Every culture is a mix of good and bad, true and false ideas. Just which ones are which is very difficult to determine from inside the culture, though in ours we can form a pretty good notion of the bad ones based on the state of our civilization: the ones that go under the names of Multiculturalism, Diversity, Sexual Liberation, Feminism, Political Correctness and so on. These ideas form a large part of the culture of modern America, and they are, objectively, really terrible ideas.
The thing is, nothing Donald Trump could do as President would eradicate these poisonous ideas. His victory is a setback for them and the larger worldview known as Liberalism that embraces them, but only a setback. They still dominate the news media, the entertainment industry, the schools, and much of the political landscape. They reign supreme in almost every major city, and they are in the atmosphere throughout the country.
Now, no matter what happens in the next four years, the culture will remain steeped in Liberal ideas unless we the people do something about it. Yes, the direction of government has to change, and hopefully will, but that would only be a temporary, ultimately futile solution if the culture does not change even more drastically. This election has given us breathing space and momentum, but it’s up to us to take advantage of it.
Another thing it has done is to show us the weakness of our enemy. Trump had almost every news media outlet, all of academia, the entertainment industry, and the political establishment against him…yet he still won. They threw everything they had against him and it still wasn’t enough to stop him.
This supports something I have long suspected; that the Left, for all its formidable arsenal, is a paper tiger. Its primary weapon is emotional blackmail: “support this or you are a bigot.” The power it has is largely the power that we give it. Take that away and it crumbles.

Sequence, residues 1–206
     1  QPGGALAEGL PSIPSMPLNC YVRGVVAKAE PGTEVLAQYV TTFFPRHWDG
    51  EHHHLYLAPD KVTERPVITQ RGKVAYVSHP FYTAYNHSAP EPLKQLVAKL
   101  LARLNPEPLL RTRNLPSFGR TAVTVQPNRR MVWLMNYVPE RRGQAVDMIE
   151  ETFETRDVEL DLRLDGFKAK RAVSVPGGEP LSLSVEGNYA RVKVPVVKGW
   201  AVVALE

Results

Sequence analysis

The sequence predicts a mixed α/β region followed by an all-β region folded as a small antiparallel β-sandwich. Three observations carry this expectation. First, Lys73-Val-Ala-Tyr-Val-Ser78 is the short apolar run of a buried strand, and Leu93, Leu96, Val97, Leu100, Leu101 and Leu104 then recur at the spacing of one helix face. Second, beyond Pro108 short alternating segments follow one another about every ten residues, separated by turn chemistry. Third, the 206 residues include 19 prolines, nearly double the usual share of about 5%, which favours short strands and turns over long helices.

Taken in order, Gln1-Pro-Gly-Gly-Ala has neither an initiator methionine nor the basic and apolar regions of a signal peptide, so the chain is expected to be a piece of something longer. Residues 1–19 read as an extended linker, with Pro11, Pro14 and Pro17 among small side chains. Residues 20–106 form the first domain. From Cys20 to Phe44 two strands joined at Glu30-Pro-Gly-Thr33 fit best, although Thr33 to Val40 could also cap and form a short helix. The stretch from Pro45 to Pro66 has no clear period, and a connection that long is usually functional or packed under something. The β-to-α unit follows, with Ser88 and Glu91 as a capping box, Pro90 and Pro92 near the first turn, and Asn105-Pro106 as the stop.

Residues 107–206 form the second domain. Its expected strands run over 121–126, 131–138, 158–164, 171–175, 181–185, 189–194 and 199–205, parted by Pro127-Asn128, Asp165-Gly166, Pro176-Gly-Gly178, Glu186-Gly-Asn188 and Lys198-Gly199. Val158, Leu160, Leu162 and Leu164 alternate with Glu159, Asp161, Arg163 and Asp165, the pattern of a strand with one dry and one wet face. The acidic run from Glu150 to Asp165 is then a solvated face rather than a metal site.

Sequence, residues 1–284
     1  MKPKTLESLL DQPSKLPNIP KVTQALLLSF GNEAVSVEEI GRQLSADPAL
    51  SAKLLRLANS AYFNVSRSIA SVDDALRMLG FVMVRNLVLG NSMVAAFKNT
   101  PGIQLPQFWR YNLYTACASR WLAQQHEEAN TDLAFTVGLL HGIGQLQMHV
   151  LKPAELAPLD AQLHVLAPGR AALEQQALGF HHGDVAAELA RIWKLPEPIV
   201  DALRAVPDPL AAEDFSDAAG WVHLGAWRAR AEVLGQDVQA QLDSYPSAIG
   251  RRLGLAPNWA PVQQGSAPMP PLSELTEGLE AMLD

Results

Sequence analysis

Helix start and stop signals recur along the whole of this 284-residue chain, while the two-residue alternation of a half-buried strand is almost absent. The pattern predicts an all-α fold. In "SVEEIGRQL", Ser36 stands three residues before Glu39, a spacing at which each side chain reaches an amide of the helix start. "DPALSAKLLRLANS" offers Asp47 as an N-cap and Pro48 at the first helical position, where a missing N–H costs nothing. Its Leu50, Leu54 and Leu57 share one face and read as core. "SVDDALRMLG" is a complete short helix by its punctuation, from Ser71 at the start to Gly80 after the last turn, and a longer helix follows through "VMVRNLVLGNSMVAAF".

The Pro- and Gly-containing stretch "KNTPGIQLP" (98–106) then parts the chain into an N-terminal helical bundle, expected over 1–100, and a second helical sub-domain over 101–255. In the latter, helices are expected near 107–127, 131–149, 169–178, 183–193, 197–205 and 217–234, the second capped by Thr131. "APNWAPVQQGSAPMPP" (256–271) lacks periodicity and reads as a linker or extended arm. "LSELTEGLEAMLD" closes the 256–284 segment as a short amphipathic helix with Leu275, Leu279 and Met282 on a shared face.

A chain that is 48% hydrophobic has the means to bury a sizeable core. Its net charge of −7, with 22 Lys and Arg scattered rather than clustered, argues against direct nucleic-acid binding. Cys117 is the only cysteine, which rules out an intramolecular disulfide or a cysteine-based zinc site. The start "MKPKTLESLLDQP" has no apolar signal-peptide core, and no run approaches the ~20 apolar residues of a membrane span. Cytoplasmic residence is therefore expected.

So what do we do now? Here’s a summary of a few suggestions.
First we need to recognize that it is up to us, the people, to make the real change and take back the culture: no politician can or will do it for us (least of all Donald Trump, who is the last person in the world to overturn the central problem of our culture, which is the sexual revolution, but that’s a topic in itself), and no law will ultimately matter unless we do.
We also need to recognize that we can do it; we have seen the consequences of Liberal ideas and know that they don’t work. Reality is on our side and we have nothing to fear from open debate. Their ideas have had power for a relatively short time; perhaps a century or so at best, while our ideas are ancient and proven by experience. Their ideas are temporary fashions: ours are eternal truths. Besides which, if the other side can enact such sweeping societal change as they have over the past few decades, there is no reason why we can’t push it back: they have shown that what is unimaginable one year can become a basic assumption in the next. There’s nothing they can destroy that we can’t rebuild.
To believe that we can, and that we ought, is the first step to doing.
Next we need to start making out case publicly. We should stand up and celebrate Western Civilization, Masculinity, the Family, Religion, and so on. When someone denigrates these things, we should hit back at once, attacking their position both with reason and mockery. This is an important point: ideas are born from emotional responses as much as intellectual ones. Dissecting the illogic of Liberal positions won’t be enough; we need to make their ideas feel as ridiculous and wrong and immoral as we know them to be. Both reason and mockery are necessary for social change.
We need to reduce our concern for the feelings of others. I know how bad that sounds, but again, emotional blackmail is the Left’s greatest weapon: we won’t win unless we neutralize it. Their standard refrain has been, “if you don’t agree with this, you’re a racist or a sexist or homophobic or just a bigot.” Our answer to such accusations should be, “Call it what you like; it’s the truth.” If people get angry or hate us for it, so be it: we don’t have the luxury of caring anymore.
We ought to become more active in pushing our views. Mostly I find Conservatives are far less willing to proselytize than Liberals, and that needs to change. With the world as it is, people are more likely to be receptive to what we have to say than they have been in the past and we ought to be making a concentrated effort to persuade people of our ideas.
Those who are able to should create works of fiction, music, art, or even advertisements that reflect a conservative worldview. ‘Pop culture’ is far more powerful than it is usually given credit for in terms of inculcating ideas and emotional reactions in people, and we need to start taking advantage of that. The entertainment industry is overwhelmingly Liberal, but it is also going through a transition: the internet has opened the world of entertainment to anyone who is willing to put in the work and the old gatekeepers in publishing, music, and the film world are less and less powerful. We must seize this opportunity to establish a foothold on the field of entertainment.